by Mitch Kokai
Senior Political Analyst, John Locke Foundation
Journalists and other Democratic activists love to complain about “fake news” and “propaganda.” Nevertheless, they are among the most enthusiastic disseminators of egregious falsehoods about their political enemies. One particularly shameless example involves a story published last week in the Richmond Times-Dispatch.
On March 10, the Times-Dispatch promoted a blatant lie about Gov. Glenn Youngkin (R., Va.), one of the most reviled politicians among left-wing activists. Reporter (and “lifestyle photographer”) Mel Leonor wrote that Virginia school superintendents had criticized Youngkin’s education policies in “a blunt letter representing the views of all 133 state superintendents.” Leonor repeated the claim on Twitter, asserting that “133 Virginia school superintendents chided Youngkin’s education department” in the letter.
That sounds really bad for Youngkin: School leaders are unanimously opposed to his controversial agenda! As noted above, this is a blatant lie.
On March 14, local ABC affiliate 7News became one of the only media outlets to report the truth—that the letter was written and approved by the 12-person board of the Virginia Association of School Superintendents, and no one else. The rest of the state’s 133 school superintendents “were not advised of the letter before it was sent to the Governor’s administration.”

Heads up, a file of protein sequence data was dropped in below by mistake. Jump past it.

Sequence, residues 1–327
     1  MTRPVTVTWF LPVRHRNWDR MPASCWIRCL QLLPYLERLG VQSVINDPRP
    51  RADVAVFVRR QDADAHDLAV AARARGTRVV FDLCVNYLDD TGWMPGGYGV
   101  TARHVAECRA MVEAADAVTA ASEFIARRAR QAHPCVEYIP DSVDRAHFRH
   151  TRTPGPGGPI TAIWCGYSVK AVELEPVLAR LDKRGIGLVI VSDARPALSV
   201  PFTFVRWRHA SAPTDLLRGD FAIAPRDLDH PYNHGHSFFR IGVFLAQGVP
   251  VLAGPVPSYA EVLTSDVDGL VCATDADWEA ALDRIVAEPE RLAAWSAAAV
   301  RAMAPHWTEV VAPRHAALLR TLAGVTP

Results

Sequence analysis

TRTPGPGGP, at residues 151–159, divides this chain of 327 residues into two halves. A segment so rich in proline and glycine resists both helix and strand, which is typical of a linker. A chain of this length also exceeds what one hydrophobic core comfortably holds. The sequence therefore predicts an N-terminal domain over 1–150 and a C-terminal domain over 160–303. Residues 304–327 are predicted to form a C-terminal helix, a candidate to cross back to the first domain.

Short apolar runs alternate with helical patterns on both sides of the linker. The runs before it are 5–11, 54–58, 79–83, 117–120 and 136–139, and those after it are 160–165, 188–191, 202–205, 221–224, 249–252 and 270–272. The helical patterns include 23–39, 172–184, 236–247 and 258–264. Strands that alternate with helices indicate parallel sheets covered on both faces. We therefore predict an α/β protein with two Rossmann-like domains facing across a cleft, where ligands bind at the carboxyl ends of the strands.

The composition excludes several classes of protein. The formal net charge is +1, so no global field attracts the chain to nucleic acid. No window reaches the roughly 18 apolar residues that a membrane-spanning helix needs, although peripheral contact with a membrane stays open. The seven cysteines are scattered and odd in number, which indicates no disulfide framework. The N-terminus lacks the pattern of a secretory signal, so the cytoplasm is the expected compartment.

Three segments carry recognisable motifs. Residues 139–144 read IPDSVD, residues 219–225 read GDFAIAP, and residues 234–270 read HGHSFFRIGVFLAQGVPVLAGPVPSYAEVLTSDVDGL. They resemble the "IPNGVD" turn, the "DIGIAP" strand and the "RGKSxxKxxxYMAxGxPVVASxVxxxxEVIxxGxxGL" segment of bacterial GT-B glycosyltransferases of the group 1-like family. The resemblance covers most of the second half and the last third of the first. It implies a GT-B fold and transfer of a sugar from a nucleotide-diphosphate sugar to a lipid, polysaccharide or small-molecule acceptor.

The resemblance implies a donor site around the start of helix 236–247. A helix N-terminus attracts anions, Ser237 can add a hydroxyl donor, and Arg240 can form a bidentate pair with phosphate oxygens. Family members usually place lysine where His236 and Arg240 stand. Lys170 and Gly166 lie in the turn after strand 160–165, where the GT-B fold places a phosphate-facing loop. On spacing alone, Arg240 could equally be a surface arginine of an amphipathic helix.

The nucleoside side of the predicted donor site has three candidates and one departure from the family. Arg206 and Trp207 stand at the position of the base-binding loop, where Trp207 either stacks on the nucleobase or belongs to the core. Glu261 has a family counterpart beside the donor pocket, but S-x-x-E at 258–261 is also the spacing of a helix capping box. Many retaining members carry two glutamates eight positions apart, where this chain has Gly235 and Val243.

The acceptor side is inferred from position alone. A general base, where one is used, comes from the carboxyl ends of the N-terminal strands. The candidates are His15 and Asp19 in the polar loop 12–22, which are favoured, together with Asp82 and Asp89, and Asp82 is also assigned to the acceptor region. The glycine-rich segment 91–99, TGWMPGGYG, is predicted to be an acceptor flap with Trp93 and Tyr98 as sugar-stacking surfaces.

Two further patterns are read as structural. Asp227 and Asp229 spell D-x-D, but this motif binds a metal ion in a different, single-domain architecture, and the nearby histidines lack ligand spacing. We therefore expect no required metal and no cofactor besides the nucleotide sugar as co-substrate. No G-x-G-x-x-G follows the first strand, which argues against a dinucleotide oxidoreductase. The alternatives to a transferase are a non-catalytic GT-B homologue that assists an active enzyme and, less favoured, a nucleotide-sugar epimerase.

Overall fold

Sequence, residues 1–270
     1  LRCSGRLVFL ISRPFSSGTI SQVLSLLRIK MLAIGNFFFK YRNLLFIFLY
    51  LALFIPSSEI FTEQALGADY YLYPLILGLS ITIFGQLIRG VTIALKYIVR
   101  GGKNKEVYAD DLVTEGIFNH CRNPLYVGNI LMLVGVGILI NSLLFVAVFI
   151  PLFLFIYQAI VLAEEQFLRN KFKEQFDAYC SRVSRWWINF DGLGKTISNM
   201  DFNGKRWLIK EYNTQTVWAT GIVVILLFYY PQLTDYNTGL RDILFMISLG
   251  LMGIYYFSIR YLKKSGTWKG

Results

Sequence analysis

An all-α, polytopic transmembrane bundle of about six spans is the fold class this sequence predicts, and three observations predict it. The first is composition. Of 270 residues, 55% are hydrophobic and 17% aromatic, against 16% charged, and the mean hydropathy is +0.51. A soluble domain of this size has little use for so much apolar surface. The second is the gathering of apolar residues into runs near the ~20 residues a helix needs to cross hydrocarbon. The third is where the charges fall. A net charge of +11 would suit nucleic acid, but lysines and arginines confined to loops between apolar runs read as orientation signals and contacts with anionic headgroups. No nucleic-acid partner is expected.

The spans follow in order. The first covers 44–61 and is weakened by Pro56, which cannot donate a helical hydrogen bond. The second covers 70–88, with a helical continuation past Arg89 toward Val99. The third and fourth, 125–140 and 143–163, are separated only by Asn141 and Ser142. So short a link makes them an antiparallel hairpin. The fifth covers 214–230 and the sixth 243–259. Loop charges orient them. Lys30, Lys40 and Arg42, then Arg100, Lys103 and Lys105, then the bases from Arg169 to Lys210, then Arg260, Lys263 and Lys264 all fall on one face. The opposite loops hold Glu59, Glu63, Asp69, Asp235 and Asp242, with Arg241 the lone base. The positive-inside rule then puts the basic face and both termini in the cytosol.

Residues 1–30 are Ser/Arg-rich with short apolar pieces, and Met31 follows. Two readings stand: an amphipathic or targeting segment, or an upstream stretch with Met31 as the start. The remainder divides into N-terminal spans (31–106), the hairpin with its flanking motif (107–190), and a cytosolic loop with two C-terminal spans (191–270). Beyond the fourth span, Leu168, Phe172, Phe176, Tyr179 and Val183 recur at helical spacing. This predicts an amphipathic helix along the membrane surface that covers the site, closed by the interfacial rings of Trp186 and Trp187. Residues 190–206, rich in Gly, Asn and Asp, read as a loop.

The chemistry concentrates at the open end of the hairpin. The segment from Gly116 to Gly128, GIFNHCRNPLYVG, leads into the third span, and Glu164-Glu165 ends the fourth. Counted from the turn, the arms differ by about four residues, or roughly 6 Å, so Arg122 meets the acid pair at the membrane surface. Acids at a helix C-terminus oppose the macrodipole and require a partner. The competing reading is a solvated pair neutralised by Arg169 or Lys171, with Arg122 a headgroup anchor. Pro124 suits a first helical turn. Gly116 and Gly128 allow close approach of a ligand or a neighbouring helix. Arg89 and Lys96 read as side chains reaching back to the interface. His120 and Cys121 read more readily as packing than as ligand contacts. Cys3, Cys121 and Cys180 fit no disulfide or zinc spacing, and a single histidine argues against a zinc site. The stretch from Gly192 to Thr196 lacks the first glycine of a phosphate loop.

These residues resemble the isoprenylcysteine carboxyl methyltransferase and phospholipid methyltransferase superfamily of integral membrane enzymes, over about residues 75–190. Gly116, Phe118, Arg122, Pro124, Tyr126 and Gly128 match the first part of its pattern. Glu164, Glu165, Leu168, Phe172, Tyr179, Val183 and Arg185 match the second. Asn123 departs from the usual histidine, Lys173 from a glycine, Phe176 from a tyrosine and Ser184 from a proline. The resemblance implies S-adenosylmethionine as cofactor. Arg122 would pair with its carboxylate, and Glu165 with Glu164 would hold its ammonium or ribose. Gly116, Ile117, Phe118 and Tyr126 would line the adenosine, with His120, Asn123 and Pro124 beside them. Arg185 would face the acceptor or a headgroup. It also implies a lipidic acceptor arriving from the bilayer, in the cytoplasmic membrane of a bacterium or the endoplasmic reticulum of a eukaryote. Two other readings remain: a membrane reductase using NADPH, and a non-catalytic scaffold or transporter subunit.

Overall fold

The group’s executive director, Ben Kiser, was perhaps more than happy to imply otherwise, given that he opened the letter by claiming to speak “on behalf of 133 public school division superintendents.” It would be easy enough to blame Kiser for the confusion if journalists and their Democratic allies weren’t constantly lecturing the rest of us about the importance of rigorous reporting methods and the need to fact-check authority figures.
In this case, no one bothered to do any fact-checking. The false claim about the letter was repeated by numerous local outlets and national publications. The Washington Post, whose motto is “democracy dies in darkness,” published two articles promoting the lie that every Virginia school superintendent had endorsed the contents of the letter.